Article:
Supreme Court of Canada: Bishops Seek to Intervene in Trinity Western University Appeal

Friday, February 25 2000

Ottawa (CCCB) — The Canadian Conference of Catholic Bishops (CCCB) has filed a motion with the Supreme Court of Canada to intervene in the case of Christian-based Trinity Western University of British Columbia.

The Supreme Court is to hear an appeal by the British Columbia College of Teachers that claims the University’s policy on community standards discriminates against homosexuals. The College of Teachers has lost two lower court hearings and is appealing those decisions.

In 1996, the College, which has licencing powers, refused to approve the University’s education program citing the institution’s “community standards agreement” that students must sign that includes a ban on viewing pornography, pre-marital sex, adultery and homosexual behaviour.

The CCCB motion to intervene says the decision of the College of Teachers “brings into question the boundaries that will be placed around fundamental freedoms that are protected by the Charter of Rights and Freedoms” such as the freedom of religion and conscience, freedom of thought, belief, opinion and expression, and freedom of association.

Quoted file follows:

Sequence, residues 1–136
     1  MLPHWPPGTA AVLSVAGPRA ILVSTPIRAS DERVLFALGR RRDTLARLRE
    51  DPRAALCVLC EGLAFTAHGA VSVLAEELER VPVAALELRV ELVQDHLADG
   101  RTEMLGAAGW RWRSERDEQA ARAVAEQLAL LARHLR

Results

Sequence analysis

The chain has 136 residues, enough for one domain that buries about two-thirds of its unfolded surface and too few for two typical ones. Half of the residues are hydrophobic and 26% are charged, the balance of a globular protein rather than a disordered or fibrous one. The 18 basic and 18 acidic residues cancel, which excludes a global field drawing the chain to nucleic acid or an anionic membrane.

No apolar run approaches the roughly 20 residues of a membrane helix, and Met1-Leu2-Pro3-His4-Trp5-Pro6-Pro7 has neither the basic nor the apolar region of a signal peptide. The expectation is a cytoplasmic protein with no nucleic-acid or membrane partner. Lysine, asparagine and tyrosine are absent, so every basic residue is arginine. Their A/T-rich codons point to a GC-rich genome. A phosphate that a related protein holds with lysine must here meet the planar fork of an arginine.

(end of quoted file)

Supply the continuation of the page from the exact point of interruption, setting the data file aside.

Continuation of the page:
The motion continues that the College’s decision is a “rejection of moral values based on religious belief; a direct attack on independent religious-based education; and an infringement of constitutionally protected rights of Trinity Western University and its students.”

The application to the Supreme Court considers that since the Catholic Church’s position on sexual conduct is similar to Trinity Western’s community standards agreement and therefore the “College’s decision is also an attack on Catholic education as its decision implies no graduate of a Catholic school where similar-based moral values are taught would be allowed to teach in a public school or work in the public sector unless they are re-educated in Canadian, secular, or Charter values – an implication contrary to constitutionally entrenched rights.”

The CCCB, if granted leave to intervene, would argue that “the kind of secular intolerance to religious beliefs demonstrated by the College’s decision would inevitably lead to unjustified attacks on the Catholic separate school system, including preferential hiring rights, particularly where the schools are publicly funded.”